Author: Lucy Feickert
It’s time for President Barack Obama and Governor Mitt Romney to end their attack ads and face issues important to American citizens. Tonight’s presidential debate in Denver, CO forces the candidates to own up to their ideas and positions without the luxury of editing or knowing exactly what they will say or be asked. Hopefully, the candidates will be able to accurately articulate their ideas and outline their goals for the United States.
The chief concern for voters in this election is the economy. Though blame has been put on former President George W. Bush for the recession’s onset, Obama must make a convincing case that his plan is better for the U.S. economy than Romney’s. He continues to urge people to look at his actions that prevented the U.S. from falling into greater economic turmoil, such as the jobs created and saved from the American Recovery and Reinvestment Act of 2009.
Despite Obama’s efforts, Romney has often stated that Obama has failed to bring about economic progress. Though Romney generally disapproves of how President Obama has handled the economy, he has not clearly outlined his own plan of how to supplement federal funds lost in his proposed tax cuts, how he would create jobs or balance the budget. Debate questions about the economy will push the candidates to outline their respective plans for the country, allowing citizens to understand their intentions and be able to make decisions about what they feel will be best for the nation’s future.
On separate note, voters must also remember that oration and personal composure are not as vital as the content addressed during a debate. Obama is known to be an excellent orator, experienced from both his last presidential campaign and his four years in office. Romney has had practice this past year in presidential primary debates, as well as in his work experience in the private sector and as Governor of Massachusetts. Clearly both candidates have experience and skill in public speaking, but regardless of how well either candidate speaks, they both need to say something of substance in order to inform the American people. They need to speak about how they will handle the economy and job creation, what they will do for healthcare and clean energy, and why they are qualified to deal with the issues facing the United States today.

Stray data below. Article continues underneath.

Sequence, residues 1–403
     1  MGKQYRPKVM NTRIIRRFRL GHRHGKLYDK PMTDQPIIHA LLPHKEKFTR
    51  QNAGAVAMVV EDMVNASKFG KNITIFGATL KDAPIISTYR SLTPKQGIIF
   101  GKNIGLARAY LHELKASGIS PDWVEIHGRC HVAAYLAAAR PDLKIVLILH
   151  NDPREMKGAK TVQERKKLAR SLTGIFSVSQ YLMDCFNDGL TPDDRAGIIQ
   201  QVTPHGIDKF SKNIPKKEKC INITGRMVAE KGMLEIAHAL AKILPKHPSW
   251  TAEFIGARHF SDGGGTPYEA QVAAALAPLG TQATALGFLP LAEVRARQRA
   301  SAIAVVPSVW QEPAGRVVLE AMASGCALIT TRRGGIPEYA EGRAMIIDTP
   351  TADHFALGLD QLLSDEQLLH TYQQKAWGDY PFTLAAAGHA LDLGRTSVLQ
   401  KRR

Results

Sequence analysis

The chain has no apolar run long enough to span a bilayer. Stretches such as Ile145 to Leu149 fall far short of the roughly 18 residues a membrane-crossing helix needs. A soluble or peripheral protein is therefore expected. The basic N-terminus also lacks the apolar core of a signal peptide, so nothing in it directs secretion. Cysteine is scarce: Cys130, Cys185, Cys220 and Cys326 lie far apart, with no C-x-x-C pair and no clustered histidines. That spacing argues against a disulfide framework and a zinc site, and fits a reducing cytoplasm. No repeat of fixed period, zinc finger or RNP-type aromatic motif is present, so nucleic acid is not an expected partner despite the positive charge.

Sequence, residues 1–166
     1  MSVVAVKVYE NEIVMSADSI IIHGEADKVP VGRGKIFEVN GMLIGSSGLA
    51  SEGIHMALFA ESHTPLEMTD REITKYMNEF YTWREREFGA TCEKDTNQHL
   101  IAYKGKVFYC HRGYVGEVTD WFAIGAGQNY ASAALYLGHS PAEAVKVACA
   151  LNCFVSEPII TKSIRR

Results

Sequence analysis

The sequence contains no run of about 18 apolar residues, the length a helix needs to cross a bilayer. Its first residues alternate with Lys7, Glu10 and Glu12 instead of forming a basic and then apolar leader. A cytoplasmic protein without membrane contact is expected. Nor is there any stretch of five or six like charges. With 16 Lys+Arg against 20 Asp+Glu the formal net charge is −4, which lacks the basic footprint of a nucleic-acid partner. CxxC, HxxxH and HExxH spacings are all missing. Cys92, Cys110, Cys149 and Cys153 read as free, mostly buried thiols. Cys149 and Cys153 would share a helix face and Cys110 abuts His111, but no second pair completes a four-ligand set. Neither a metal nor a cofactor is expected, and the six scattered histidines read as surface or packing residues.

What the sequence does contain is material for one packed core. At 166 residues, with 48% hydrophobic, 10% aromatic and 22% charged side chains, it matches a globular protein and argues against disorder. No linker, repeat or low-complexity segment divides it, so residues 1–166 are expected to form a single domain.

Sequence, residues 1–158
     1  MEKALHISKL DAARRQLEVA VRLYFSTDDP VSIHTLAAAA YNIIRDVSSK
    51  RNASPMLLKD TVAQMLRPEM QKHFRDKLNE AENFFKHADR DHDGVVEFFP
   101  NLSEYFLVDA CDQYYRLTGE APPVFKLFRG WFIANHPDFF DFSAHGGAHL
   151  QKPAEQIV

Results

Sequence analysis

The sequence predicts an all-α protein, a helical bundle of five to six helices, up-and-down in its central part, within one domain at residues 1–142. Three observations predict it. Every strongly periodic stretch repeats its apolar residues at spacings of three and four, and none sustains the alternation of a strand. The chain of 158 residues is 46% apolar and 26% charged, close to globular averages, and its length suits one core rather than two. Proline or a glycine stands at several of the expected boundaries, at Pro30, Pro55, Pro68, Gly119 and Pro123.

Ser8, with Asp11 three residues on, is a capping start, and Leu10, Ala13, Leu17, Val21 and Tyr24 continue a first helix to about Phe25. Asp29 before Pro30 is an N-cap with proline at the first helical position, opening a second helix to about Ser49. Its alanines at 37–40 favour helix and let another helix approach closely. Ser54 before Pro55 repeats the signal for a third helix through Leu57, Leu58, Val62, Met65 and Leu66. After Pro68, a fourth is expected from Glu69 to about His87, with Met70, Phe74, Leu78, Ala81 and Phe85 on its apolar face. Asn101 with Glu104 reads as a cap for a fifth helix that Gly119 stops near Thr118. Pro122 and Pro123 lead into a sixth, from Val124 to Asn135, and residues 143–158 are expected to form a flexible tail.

For the integrity of the democratic process in America, in which voters have the ability to make informed decisions, this debate and those that follow need to be truthful to each candidates’ political agendas. Obama and Romney both must focus on their platforms and goals, not on tearing each other down. Throughout the presidential race, both sides of the aisle have released multiple ads attacking the opposition because of small things said, not exclusively because of their plans or ideas about America’s future. Even though politics is, in the end, a zero-sum game, it is important for the preservation of democracy that voters choose a candidate because of their ideas, not because of a distaste for their opponent.
Lucy Feickert is an undeclared first-year. She can be reached at firstname.lastname@example.org.
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